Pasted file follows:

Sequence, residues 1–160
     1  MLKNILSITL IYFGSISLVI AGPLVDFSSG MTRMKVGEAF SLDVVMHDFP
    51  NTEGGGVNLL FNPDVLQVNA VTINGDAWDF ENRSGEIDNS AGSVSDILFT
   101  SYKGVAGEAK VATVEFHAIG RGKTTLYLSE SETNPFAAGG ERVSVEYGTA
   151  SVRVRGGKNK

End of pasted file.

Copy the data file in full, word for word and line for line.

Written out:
Sequence, residues 1–160
     1  MLKNILSITL IYFGSISLVI AGPLVDFSSG MTRMKVGEAF SLDVVMHDFP
    51  NTEGGGVNLL FNPDVLQVNA VTINGDAWDF ENRSGEIDNS AGSVSDILFT
   101  SYKGVAGEAK VATVEFHAIG RGKTTLYLSE SETNPFAAGG ERVSVEYGTA
   151  SVRVRGGKNK